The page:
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  UCDA
The Used Car Dealers Association of Ontario

416-231-2600 or 1-800-268-2598 or fax 416-232-0775

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Used Car Dealers Association of Ontario   

Refusal By Customer to Take Delivery

Unfortunately, some customers, after signing a bill of sale and leaving a deposit will change their minds and expect the return of the deposit with no questions asked. They do not appreciate that by signing the bill of sale, they have entered into a binding contract, for which the deposit acts as security. The customer is not entitled to the automatic return of the deposit. By the same token, the dealer is not automatically entitled to keep all or part of it.

UCDA Bill of Sale

Using the UCDA Used Vehicle Bill of Sale or the UCDA Motor Vehicle Bill of Sale (for new car sales) will help, if a customer refuses to take delivery of a vehicle.

These documents have been designed to clarify the rights and obligations of both the customer and the dealer. The steps to be taken, in the event of a failure to take delivery, are clearly described on the back of the contract.

If a Problem Arises

Send a Registered Letter
Once it becomes apparent that a customer is not willing to take delivery of a vehicle, a registered letter should immediately be sent to the customer, demanding that delivery of the vehicle be taken as agreed in the contract. If the customer has still not taken delivery of the vehicle seven days after the letter was sent, then the dealer will be entitled to hold any deposit and/or trade-in (if the dealer has possession of the trade-in) until the losses suffered as a result of the customer’s violation of the contract can be determined.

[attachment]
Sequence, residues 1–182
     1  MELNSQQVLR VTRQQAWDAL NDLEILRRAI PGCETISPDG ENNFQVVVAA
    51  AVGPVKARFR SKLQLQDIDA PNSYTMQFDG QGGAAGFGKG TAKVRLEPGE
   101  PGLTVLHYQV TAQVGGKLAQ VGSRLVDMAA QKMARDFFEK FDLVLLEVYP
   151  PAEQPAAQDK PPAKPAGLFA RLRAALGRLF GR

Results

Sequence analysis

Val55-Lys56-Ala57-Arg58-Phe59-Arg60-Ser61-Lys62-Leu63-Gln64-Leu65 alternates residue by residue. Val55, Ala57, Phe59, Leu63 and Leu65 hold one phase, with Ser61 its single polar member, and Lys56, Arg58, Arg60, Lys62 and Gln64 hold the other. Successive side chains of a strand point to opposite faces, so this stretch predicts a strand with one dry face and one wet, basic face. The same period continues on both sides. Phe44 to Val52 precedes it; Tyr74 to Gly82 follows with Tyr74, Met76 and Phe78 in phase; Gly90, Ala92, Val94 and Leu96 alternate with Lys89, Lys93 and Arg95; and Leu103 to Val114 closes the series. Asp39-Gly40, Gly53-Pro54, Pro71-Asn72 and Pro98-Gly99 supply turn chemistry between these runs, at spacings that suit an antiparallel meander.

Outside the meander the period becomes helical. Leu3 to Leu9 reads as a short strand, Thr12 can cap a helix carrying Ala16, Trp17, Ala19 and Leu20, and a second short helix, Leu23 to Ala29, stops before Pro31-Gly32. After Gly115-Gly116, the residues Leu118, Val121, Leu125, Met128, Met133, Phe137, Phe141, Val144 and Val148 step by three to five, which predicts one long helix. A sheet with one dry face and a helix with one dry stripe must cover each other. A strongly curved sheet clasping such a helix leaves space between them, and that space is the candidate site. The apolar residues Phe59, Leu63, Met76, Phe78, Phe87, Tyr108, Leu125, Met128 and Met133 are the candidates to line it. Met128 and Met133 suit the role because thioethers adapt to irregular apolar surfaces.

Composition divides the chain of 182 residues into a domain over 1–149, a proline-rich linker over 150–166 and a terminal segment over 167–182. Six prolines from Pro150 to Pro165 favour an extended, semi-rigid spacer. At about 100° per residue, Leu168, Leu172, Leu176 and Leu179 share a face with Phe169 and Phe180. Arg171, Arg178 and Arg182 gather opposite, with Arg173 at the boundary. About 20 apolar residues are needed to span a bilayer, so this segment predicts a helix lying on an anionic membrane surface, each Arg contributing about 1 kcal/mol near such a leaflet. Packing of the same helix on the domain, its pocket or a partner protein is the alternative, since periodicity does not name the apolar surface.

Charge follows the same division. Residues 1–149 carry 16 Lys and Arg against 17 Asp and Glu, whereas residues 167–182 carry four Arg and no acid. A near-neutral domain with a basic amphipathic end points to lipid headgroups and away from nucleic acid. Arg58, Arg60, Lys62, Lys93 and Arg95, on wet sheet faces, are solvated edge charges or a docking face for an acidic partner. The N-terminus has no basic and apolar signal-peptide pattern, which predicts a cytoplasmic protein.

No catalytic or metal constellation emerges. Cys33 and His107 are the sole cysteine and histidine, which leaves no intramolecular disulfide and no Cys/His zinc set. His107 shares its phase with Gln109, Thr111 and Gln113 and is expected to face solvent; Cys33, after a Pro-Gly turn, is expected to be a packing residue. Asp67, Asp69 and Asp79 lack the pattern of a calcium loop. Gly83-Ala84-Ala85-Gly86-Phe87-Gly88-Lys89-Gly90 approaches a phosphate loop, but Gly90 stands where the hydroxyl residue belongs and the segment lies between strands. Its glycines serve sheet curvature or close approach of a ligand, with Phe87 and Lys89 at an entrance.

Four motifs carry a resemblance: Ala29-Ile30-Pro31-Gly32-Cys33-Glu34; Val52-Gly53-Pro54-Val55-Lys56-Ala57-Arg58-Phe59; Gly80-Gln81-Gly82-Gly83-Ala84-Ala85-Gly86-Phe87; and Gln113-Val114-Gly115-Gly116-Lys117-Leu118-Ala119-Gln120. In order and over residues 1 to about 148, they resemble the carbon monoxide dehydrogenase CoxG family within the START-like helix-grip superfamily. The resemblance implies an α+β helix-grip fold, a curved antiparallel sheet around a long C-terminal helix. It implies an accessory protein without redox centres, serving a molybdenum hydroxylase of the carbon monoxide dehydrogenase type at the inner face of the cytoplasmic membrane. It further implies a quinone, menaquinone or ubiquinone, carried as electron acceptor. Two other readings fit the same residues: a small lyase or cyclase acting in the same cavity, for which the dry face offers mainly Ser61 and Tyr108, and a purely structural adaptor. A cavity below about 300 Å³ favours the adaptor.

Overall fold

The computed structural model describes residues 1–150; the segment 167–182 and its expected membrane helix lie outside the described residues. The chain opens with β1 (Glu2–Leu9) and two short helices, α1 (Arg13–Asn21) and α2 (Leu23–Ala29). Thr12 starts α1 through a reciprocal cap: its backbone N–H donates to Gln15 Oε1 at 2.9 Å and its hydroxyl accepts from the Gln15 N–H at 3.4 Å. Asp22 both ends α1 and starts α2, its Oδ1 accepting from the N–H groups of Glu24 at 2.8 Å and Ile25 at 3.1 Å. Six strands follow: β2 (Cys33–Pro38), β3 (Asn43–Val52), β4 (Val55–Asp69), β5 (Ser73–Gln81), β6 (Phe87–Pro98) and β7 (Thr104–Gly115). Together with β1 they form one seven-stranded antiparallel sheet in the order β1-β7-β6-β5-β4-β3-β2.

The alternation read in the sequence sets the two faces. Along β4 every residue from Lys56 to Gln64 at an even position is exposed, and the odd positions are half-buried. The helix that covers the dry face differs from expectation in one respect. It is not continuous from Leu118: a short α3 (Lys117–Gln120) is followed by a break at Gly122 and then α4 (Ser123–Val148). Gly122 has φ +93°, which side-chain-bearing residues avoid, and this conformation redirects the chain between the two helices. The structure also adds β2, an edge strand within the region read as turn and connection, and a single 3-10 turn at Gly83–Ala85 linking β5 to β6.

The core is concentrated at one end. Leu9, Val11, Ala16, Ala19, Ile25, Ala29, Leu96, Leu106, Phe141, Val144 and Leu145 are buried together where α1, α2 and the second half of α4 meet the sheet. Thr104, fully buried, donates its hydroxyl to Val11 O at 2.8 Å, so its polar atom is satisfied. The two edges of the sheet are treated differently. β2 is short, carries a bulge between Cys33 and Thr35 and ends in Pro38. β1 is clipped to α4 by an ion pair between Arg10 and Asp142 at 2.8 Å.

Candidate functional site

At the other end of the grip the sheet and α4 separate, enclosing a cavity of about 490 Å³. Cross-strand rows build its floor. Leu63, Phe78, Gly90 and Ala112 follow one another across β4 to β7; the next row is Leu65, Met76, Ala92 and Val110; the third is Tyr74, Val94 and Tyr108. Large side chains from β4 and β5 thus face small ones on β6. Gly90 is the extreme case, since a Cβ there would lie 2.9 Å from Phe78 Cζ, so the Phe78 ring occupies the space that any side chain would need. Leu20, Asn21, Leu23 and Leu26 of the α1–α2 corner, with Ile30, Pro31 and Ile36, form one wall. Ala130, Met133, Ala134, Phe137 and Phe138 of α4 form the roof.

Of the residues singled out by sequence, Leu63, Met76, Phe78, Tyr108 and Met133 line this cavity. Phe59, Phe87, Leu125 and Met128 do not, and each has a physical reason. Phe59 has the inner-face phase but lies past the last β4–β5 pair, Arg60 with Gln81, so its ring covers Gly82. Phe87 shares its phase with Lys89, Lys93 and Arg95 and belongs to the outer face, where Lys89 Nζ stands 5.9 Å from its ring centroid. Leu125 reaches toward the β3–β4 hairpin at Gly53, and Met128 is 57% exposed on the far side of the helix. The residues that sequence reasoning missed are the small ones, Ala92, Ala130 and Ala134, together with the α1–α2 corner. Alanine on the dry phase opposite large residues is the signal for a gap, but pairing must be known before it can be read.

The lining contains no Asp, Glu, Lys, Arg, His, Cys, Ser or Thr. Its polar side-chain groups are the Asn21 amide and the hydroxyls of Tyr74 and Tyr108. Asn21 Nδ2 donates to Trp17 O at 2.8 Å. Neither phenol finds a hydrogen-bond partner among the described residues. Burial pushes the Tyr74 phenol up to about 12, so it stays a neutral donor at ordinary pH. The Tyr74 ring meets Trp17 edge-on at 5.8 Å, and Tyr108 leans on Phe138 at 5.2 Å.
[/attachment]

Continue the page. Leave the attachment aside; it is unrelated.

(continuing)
The deposit and/or trade-in may be used as a source of funds from which the dealer may deduct its documented losses. Dealers should always insist on an adequate deposit when selling a vehicle. A rule of thumb followed by many dealers is to take a deposit of 10% of the selling price.

If You Offer the Vehicle for Resale
When offering the vehicle for resale, dealers should first attempt to sell it at the original asking price, not necessarily what the agreed upon sale price had been. It may, of course, be necessary to reduce the asking price in order to sell the vehicle, but by first offering it for sale at the original price, a dealer can show that it made reasonable efforts to mitigate or reduce its losses as much as possible.

After the Vehicle has been Sold
After the vehicle has been resold, the actual amount of any loss can be calculated. This involves taking the selling price agreed upon with the original customer, adding the total expenses incurred in the resale (advertising, insurance, inventory financing costs, etc.), and subtracting the amount obtained on resale.

Keep a Detailed Accounting
A detailed accounting of the dealer’s losses and expenses should be provided, in writing, to the customer.

Amount of Allowable Losses
The amount of any allowable losses can be deducted from the deposit and/or the value of the vehicle traded-in and kept by the dealer. If there is any money left over, this should be given back to the original customer. If the loss is more than the deposit, the dealer could pursue legal action against the original customer for the shortfall.